Back in September of 2010 I detailed in an article “Where Have all the Libertarian’s Gone?” how for all of the attention paid to Libertarian ideas there was little in the way of Libertarian electoral success to show for it. To wit: “In the din and roar surrounding politics in America today much is made of the importance of Libertarian thinking. Some have pointed out its importance to the Tea Party Movement…That said it’s interesting to consider the following two questions: First, if Libertarian ideas are so compelling, how come Libertarians garner such a small portion of actual votes during major electoral campaigns? Secondly, if Libertarians command such low voting totals, how is it that there is such a disproportionate number of Libertarian organizations and who is putting up the money to support them?”
Well when one stops to analyze the 2012 Republican Primaries the results continue to prove out my original premise. That is, for all of the continuing talk about the importance of Libertarian ideas there is precious little to show for it when actual results are examined. To date the have been 27 Republican Primary contests and 1031 delegates awarded. The Libertarian candidate, Ron Paul, has not won a single state and has only accumulated 50 delegates. His take equals 4.8% of the overall number of delegates awarded so far. Thus once again, based on empirical evidence, we can only conclude that Libertarians occupy a space on the American political landscape as nothing more than a sideshow to the big show, if not as an outright political oddity propelled forward by its own inertia. If Libertarians truly commanded a healthy amount of respect and political power they would have something to show for it and clearly they don’t. Some have made the case that Libertarians don’t need to vote for Libertarian candidates to be important within the electorate but if that’s the case then that would suggest that they don’t truly hold to the conviction of their own ideas. If the members of a movement won’t adhere to their core convictions and belief system then how can that movement be seen as viable or effective? Surely a Libertarian voting for any of the candidates other than Ron Paul would have to compromise his principles in so doing based on the political track records of Romney, Santorum and Gingrich, none of whom can be considered even remotely close to being a Libertarian.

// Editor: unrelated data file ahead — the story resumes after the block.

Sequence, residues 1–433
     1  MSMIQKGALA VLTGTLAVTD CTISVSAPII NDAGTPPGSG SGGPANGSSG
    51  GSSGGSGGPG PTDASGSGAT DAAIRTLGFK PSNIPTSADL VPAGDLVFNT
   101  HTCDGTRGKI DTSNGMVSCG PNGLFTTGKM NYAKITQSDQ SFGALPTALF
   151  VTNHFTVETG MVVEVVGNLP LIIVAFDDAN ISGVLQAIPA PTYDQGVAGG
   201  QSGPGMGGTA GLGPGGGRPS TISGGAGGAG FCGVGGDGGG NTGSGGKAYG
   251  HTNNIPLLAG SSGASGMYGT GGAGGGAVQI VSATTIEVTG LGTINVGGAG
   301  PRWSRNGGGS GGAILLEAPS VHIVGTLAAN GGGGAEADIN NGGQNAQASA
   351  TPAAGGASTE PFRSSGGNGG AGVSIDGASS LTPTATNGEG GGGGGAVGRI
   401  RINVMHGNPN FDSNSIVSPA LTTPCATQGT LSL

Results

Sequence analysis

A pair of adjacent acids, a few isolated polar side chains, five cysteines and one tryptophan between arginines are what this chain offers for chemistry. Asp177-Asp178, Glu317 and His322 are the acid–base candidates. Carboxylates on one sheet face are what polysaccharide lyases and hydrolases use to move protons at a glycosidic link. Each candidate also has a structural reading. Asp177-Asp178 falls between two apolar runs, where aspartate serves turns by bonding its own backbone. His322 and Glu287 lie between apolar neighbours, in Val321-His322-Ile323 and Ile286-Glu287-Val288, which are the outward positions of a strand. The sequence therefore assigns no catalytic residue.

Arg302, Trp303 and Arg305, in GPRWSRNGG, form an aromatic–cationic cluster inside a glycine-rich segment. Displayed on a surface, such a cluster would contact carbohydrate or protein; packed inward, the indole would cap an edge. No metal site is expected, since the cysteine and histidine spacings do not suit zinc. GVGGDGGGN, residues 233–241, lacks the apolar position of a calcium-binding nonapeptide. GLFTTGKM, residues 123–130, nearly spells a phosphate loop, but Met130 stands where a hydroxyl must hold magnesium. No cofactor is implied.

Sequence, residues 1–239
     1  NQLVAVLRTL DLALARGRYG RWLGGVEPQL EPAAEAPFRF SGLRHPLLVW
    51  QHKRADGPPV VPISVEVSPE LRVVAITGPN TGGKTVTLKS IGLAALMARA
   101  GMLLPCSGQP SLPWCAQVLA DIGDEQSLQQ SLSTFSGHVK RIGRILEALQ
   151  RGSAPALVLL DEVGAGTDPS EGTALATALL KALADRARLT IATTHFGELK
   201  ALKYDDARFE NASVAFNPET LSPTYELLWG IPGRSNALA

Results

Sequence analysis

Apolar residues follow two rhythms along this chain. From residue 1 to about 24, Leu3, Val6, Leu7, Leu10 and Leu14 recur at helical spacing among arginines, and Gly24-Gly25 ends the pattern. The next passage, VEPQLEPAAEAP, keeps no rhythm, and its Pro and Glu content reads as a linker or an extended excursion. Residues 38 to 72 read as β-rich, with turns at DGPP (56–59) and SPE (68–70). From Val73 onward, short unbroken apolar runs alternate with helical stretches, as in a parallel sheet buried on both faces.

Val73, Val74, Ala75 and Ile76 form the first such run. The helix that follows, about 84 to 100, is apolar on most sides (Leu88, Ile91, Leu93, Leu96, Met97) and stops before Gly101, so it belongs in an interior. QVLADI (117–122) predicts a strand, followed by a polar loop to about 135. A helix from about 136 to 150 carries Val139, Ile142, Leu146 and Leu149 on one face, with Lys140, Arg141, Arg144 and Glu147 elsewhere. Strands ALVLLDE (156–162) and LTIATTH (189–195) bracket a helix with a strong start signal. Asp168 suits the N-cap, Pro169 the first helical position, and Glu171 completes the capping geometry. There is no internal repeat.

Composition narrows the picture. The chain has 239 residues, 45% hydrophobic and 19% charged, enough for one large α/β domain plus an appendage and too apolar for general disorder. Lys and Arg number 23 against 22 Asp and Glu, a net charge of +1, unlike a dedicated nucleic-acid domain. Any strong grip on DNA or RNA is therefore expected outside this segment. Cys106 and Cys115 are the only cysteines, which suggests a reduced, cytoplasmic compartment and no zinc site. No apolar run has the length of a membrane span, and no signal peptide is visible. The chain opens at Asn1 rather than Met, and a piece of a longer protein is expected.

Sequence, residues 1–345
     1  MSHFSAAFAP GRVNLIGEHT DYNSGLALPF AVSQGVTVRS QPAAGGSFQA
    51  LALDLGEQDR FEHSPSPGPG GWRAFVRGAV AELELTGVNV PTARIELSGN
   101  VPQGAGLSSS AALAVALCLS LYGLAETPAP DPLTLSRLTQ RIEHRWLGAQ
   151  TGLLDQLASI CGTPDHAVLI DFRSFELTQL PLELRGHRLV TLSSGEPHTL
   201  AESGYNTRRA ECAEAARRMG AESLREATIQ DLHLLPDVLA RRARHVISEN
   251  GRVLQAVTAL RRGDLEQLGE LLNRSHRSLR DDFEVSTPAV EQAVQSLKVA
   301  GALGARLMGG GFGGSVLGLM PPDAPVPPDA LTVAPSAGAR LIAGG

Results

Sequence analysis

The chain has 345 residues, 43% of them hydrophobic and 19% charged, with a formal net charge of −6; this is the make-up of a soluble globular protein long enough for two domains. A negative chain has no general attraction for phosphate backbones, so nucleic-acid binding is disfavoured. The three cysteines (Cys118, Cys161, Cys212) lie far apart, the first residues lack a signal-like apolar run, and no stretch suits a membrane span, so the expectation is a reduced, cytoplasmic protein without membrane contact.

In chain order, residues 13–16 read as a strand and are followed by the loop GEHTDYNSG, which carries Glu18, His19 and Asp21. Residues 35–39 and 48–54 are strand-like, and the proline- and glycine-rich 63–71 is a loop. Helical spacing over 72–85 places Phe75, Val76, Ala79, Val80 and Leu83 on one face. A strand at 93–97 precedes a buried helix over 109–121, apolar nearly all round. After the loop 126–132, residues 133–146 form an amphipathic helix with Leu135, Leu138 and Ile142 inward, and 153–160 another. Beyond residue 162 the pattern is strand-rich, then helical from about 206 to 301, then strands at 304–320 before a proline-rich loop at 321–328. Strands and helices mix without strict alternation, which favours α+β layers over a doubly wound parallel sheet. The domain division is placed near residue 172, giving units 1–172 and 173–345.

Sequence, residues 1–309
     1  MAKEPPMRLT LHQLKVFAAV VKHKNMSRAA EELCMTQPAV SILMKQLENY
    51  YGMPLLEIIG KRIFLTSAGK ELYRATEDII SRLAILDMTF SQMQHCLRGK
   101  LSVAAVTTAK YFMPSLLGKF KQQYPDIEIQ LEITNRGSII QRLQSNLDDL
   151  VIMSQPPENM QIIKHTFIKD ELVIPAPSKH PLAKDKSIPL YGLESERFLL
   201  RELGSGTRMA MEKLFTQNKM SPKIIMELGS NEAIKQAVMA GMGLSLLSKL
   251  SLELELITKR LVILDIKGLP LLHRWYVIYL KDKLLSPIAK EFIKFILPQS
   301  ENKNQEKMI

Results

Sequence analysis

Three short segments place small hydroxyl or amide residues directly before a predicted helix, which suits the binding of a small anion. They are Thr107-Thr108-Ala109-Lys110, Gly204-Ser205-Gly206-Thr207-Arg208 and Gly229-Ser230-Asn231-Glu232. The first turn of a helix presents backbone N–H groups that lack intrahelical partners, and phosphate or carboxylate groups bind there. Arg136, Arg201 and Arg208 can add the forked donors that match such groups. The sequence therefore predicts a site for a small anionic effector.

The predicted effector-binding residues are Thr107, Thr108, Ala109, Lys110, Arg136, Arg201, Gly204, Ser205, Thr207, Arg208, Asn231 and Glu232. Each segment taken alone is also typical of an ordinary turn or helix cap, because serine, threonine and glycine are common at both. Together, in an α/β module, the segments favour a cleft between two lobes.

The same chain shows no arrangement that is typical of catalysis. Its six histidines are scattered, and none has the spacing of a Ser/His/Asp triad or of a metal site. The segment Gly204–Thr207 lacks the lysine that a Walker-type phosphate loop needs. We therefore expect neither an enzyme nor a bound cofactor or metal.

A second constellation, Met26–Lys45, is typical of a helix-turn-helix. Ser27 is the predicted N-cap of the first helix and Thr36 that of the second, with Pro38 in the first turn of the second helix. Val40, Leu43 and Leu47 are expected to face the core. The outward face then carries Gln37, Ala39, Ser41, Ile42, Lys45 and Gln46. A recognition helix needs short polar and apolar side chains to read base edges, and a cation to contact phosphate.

Some political commentators have said that Ron Paul isn’t a true candidate, he’s a movement. Some have said that his stake in the 2012 Republican Primaries is an attempt to affect his own political rehabilitation or to pave the way for his son’s political future. Whatever his motives one thing is for sure and that’s that he has made little impact if any in the race to defeat Barack Obama. Ron Paul has often complained that he isn’t getting the media coverage that he and his campaign deserves, but based on his performance thus far and his movement’s historically, he’s getting all the coverage that he deserves. Whatever Ron Paul’s goals one thing is for certain and that is that for all of the money pouring into Libertarian organizations like the Cato Institute via folks like the Koch Brothers, ad infinitum, the Libertarian message still fails to resonate with the Republican electorate in particular and the wider electorate in general. It’s either the aforementioned or America’s Libertarians have failed to notice that there’s a Republican Primary season underway and in full swing.
Steven J. Gulitti